Re: [xmca] Ilyenkov in A Stetsenko's articles

From: Andy Blunden (
Date: Fri Nov 04 2005 - 13:56:57 PST

   ! I completely agree with you Victor!
   At 07:31 PM 4/11/2005 +0200, you wrote:

     Yes, my general impression is that the foundations of CHAT are good
     The social role of CHAT as an instrument for professional culture
     change appears to me a more likely direction for the development of
     a practical science of society than the unfortunate combination of
     doctrinal discipline and often unreflective political opportunism
     that marred the theoretical instrument at the hands of the militant
     party system we are both familiar with. CHAT suffers somewhat from
     objectivism, but it is hardly the expression of a short-term
     partisan (subjective) obscurantism dressed up as objective truth.
     It's more a problem of an expansion of the diversity of ideas
     within the CHAT forum, an expansion that the less politically
     focused CHAT can effectively absorb as compared with the
     pressure-cooker conditions of formulation of party based
     theoretics. After all, if Lois Holzman and Anna Stetsenko (or for
     that matter Steve Gabosch and I ) can exchange ideas with minimal
     rancour and we onlookers can deal with the substance of their
     differences rather than with the apparent immediate political
     implications relative to the interests of our own party or faction,
     then I think we may actually be getting somewhere.
     Victor Friedlander-Rakocz
     ----- Original Message ----- From: "Andy Blunden"
     To: "eXtended Mind, Culture, Activity" <>
     Sent: Friday, November 04, 2005 10:58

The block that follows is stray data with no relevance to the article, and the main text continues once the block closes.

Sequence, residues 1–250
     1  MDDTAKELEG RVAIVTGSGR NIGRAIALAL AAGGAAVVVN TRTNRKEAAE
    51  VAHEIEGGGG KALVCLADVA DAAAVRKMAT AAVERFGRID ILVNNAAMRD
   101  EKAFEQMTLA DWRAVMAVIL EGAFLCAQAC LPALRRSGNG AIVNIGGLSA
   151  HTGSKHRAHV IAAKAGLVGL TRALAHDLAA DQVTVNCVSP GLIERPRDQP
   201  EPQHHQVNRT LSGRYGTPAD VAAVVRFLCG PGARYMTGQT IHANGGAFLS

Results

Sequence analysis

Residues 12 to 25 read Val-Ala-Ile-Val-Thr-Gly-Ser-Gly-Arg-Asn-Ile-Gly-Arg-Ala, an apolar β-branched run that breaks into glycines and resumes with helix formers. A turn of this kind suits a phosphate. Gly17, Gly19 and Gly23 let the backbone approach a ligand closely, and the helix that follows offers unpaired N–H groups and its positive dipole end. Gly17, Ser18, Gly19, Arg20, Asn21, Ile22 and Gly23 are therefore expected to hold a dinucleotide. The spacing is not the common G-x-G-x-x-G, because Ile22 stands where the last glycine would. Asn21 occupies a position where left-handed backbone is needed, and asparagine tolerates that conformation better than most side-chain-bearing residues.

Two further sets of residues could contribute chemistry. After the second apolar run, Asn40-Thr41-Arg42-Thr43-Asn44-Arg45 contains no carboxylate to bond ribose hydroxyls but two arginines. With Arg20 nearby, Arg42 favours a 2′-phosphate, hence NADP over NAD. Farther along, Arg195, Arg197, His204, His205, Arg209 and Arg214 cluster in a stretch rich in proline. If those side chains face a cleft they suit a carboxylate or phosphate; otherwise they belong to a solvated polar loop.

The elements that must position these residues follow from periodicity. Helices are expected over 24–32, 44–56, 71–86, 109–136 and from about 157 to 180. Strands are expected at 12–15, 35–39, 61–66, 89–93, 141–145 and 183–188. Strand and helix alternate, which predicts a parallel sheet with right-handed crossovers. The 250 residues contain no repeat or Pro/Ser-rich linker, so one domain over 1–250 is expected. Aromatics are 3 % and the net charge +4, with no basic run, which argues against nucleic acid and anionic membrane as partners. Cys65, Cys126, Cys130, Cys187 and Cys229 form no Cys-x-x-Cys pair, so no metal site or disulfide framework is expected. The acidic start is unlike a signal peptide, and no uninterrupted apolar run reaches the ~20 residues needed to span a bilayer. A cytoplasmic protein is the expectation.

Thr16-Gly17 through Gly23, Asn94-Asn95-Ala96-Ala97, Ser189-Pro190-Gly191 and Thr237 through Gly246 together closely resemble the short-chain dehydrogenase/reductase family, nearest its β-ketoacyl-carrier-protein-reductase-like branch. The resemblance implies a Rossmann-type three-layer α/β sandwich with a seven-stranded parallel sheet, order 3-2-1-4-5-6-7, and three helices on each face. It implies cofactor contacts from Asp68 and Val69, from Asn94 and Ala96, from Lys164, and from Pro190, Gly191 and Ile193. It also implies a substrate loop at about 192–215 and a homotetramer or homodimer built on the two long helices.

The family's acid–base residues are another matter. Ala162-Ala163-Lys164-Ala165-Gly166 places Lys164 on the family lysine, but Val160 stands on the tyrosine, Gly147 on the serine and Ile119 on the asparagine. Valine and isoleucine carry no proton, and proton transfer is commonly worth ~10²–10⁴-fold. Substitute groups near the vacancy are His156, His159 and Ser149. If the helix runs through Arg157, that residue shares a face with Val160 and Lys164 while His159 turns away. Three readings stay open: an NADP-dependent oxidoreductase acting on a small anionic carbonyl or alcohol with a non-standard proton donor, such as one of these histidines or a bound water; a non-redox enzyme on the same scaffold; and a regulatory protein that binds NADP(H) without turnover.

Subject: Re: [xmca] Ilyenkov in A Stetsenko's articles
       Thanks for that Victor.
        It always seemed to me that writers in the SU were unable to
         explicitly about exploitation, bureaucracy, privilege,
        conflict, etc., as really existing relations in their own
        society, and were therefore obliged to utilise very
        categories like "labour," "humanity," "activity," etc., which
        in a theory whose outward appearance was very objectivist,
        nevertheless, the underlying theoretical categories were not
     at all
        objectivist. I have always thought that this "sanitisation"
     of the
       theory due to Soviet conditions made it harder for people in the
        to fully understand it. Unfamiliarity with Marxist terminology
     is of
        course a further factor. There is a problem of objectivism;
     but I
        think it's not in the foundations; the foundations are good,
     as you
       appear to be saying.
         On the issue of object relatedness in CHAT:
          It has been for some time now that the CHAT model has
     appeared to
         me to be to be so strongly objectivist in approach that it
          difficult to impossible to utilize it for the analysis of
         inherent within all forms of social organization.
           My area of interest is mostly in organizational systems in